Will Trump’s Mexico Tariffs Finally Force Congress to Rein In His Bullying?

Will Trump’s Mexico Tariffs Finally Force Congress to Rein In His Bullying?
Trucks lined up to cross from Mexico into the United States, in Ciudad Juarez, Mexico, May 31, 2019 (AP photo by Christian Torrez).

President Donald Trump has repeatedly shown that when it comes to foreign policy, he prefers bullying over supporting widely held norms. He has embraced dictators while trashing American allies and alliances. He ignores or undermines international institutions that the United States helped to create. And on the trade front, he has slapped tariffs on close allies and partners while invoking vague claims about national security. The latest move came last week, when Trump again threatened trade sanctions against Mexico, a major trading partner, over a humanitarian crisis at the southern border that he helped create. The families escaping violence and poverty in Central America that are crossing the border with Mexico are not a national security threat. But they do look more and more like props in Trump’s reelection campaign.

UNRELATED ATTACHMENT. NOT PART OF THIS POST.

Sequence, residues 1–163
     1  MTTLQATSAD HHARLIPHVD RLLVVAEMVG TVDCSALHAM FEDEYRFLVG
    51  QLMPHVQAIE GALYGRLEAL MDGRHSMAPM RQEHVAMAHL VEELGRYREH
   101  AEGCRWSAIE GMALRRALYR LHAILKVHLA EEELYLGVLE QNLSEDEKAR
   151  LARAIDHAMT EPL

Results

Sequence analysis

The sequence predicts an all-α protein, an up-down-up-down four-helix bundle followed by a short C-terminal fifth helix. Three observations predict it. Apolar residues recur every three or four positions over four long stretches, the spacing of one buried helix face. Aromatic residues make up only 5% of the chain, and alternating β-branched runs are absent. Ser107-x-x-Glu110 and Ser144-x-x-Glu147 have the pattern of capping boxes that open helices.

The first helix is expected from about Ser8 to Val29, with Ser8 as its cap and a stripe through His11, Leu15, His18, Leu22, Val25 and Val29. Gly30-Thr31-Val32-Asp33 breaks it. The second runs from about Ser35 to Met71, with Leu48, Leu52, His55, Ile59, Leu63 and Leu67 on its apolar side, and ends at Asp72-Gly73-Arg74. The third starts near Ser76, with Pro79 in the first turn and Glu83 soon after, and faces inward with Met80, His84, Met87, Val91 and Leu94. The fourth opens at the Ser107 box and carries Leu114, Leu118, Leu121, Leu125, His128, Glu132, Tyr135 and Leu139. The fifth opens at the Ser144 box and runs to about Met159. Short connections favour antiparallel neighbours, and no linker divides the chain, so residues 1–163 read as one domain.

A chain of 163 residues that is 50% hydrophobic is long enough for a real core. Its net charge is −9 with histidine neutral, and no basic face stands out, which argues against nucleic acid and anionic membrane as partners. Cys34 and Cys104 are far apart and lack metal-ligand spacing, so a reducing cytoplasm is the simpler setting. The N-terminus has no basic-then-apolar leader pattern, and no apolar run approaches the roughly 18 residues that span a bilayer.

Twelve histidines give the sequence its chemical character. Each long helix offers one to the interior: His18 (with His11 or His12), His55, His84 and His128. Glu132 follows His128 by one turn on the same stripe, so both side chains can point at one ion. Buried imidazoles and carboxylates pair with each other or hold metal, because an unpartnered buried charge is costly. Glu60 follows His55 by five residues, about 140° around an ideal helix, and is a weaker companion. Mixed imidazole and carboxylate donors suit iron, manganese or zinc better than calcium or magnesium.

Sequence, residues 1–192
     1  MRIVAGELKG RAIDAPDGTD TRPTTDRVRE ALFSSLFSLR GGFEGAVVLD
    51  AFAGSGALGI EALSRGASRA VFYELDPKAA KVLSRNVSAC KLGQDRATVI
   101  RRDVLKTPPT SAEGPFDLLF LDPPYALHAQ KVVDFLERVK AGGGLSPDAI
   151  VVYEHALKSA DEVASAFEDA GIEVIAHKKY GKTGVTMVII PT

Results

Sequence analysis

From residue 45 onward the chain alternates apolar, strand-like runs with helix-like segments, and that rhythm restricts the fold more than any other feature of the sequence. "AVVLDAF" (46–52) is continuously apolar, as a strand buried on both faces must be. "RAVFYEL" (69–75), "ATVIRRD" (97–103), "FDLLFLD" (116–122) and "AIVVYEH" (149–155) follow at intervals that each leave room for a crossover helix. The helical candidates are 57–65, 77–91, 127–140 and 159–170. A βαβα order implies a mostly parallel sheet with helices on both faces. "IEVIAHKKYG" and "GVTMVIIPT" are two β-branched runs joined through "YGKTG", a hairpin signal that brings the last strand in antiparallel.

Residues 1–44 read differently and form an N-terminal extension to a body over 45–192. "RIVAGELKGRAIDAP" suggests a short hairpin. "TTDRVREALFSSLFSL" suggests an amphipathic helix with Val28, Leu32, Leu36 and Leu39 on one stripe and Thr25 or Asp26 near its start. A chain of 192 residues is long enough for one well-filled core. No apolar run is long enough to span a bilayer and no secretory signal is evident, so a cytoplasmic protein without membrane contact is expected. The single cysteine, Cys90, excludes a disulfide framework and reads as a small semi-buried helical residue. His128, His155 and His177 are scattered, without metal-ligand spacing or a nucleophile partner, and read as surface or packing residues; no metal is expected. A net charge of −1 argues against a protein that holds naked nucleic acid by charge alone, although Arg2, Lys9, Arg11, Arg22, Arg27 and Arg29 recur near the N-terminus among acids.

A few weeks ago, when Trump proposed shutting down the southern border entirely, it seemed that cooler heads had prevailed. He backed off and said that he would give Mexico a year to stop the migrant flow and then consider imposing 25 percent tariffs on the country’s automobile exports if the government failed to do so. But Trump doesn’t know how to keep his word, and something apparently set him off last week.

In another unexpected tweet, Trump suddenly announced that he was invoking the International Economic Emergency Powers Act and would impose 5 percent tariffs on all imports from Mexico beginning June 10. If Mexico does not stop the migrant flow across the border—or slow it substantially, depending on who you ask—those tariffs will rise to 10 percent on July 1 and continue rising each month in increments of 5 percentage points until they reach 25 percent.

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